Let’s Bring Back Family Game Night

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While my family was living in Galveston, TX last year, we discovered a pretty nice little cafe named “Board Game Island“.  The food was pretty good, but that isn’t why our kids loved the place.  They served alcohol and coffee, but that isn’t why we liked it.  We loved this place because it provided an opportunity for our family to spend time together playing games.  We could have eaten at restaurants serving great seafood, places with better views (this one is on a side street near The Strand), but our kids preferred to go here. When we visited Galveston for spring break a few weeks ago, we once again spent time at Board Game Island, twice in one week.

There is something about interacting with members of your family or friends playing games that produces stronger bonds.  Much like eating family meals together, playing games with each other forms stronger relationships because you are giving precious time to someone else just to be with them and enjoy their company.  In the midst of playing the game, you visit and find out what is going on in their lives.  There is also an opportunity to get to know their personality, how they strategize and approach problem solving and how they deal with winning or losing a game.

Often our families are merely a group of individuals who happen to live in the same house. People who rarely interact with each other in meaningful ways, perhaps just saying hi or bye as they come or go.  I know this is not an accurate description of every family, but it has been true in our family at times in our 25 years of marriage.  This unhealthy pattern can develop very quickly and before you know it, you are living it.  It only takes a few poor decisions about involvements in school or sports activities or an unexpected complication in life (change in employment, health issues, trauma) to cause your family members to be too busy to spend time with each other in a meaningful way.  While it may be difficult to reverse this trend, it is not impossible and the first step is to recognize it and decide to take concrete steps towards changing the environment in your home.

Setting the Right Environment for Family Time

Family time doesn’t just happen, in fact in our experience, the opposite is true.  If you don’t work to create family time, you won’t have it.  As parents, we all want to have strong relationships with our children, both young and old, and the pain is very real when those relationships are unhealthy.  While we can’t sit our kids down and force them to be with us and have fun, we can organize our days, weeks and months such that they are not so busy.  We can choose to not participate in sports activities which occur during family meal time, and strive to limit our family activities such that there are moments during the week when we don’t have anything on our schedule.  It is in these blank spaces in our family calendar that we can bring out the games and invite our children to play with us.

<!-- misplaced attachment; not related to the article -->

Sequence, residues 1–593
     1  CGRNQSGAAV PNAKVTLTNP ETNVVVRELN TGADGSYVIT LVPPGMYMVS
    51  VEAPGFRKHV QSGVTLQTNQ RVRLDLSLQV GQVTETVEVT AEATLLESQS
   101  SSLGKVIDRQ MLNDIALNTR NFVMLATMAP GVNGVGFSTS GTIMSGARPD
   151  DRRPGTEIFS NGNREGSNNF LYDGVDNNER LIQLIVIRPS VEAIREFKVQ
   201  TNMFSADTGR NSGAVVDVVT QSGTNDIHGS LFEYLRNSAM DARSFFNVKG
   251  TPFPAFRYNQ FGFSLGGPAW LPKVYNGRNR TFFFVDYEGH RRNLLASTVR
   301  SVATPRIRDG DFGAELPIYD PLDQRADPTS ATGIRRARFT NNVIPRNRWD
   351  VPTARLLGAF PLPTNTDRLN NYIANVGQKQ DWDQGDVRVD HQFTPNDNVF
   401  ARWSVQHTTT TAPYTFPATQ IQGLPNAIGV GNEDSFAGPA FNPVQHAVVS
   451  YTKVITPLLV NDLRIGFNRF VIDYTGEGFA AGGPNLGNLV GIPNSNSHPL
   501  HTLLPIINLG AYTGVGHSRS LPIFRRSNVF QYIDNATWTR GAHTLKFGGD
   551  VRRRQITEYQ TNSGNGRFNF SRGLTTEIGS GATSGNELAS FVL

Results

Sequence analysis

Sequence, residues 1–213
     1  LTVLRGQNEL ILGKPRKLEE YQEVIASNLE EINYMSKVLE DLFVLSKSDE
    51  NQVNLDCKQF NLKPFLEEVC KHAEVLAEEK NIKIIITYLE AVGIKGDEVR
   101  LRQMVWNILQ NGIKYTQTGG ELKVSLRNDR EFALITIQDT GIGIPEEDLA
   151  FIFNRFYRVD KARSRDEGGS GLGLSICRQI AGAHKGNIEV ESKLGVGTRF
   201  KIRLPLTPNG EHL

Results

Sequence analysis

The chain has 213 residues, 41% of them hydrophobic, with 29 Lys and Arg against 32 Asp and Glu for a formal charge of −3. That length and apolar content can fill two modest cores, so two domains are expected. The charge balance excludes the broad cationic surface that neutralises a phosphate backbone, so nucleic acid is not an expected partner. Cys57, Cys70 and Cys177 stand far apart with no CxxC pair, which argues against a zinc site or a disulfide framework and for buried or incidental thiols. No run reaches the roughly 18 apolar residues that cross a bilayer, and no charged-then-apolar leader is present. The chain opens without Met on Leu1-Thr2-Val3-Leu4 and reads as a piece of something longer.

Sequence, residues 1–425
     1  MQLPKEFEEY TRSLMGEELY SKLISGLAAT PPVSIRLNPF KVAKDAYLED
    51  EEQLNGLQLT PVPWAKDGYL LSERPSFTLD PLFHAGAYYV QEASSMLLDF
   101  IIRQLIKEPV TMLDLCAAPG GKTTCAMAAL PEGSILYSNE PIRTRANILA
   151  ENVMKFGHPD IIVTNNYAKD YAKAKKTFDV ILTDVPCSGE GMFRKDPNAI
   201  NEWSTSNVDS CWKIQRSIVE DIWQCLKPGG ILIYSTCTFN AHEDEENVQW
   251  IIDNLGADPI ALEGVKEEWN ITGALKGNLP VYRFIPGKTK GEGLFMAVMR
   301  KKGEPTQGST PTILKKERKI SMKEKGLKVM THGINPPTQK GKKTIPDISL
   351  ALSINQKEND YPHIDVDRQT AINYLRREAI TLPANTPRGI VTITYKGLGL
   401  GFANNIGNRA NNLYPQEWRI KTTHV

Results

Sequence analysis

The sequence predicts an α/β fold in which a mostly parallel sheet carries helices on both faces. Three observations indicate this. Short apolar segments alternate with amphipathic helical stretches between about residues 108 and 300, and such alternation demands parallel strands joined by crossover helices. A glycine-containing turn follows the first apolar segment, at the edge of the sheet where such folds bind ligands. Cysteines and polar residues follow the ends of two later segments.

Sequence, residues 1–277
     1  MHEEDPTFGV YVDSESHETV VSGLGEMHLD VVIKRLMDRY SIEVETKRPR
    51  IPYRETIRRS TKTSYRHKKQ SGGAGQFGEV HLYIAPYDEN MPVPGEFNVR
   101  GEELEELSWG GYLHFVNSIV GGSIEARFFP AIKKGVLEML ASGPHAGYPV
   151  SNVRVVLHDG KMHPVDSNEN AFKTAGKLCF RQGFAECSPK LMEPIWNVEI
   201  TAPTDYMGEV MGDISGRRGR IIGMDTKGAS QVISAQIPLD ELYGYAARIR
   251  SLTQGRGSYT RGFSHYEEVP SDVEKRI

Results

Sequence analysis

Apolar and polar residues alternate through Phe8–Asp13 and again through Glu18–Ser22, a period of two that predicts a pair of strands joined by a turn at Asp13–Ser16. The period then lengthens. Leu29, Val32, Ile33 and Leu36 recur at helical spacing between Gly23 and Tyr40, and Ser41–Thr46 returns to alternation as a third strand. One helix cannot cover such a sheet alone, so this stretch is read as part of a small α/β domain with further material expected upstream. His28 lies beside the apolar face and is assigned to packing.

I’m in, Now how do we do it?

  1. Simplify your schedule, don’t have a full schedule, be willing to sacrifice even good activities to clear you calendar to create downtime during the week or weekend.  If you need more motivation, read my article on being too B.U.S.Y.
  2. Pick some easy to learn games at first:board games photo
  3. Start playing!  Don’t force the kids to play, perhaps find one of your children who has an interest (younger ones are more likely to agree).
  4. Have fun, it is not about winning (this is for the Dads out there), it is about building relationships between family members.  But don’t be a pushover either, your kids will know that you are letting them win.

Time is of the Essence

As any grandparent will tell you, your kids are only young once and the time passes by so quickly and before you know it, they are out of the house and beginning their own lives apart from your family.  The song by Harry Chapin, The Cat’s in the Cradle describes an all too common situation in our culture.  It is possible to develop strong healthy relationships with your children, and playing games with them is an excellent way that works well for many families, if it doesn’t work for yours, share what does work for you in the comments section.


About the Author:

Allen Hébert is a Senior Solutions Engineer in the Information Technology Industry. Allen and his wife Denae, have been married for over 31 years and they have been blessed with nine children. Allen enjoys swimming, driving the family RV and the great outdoors.


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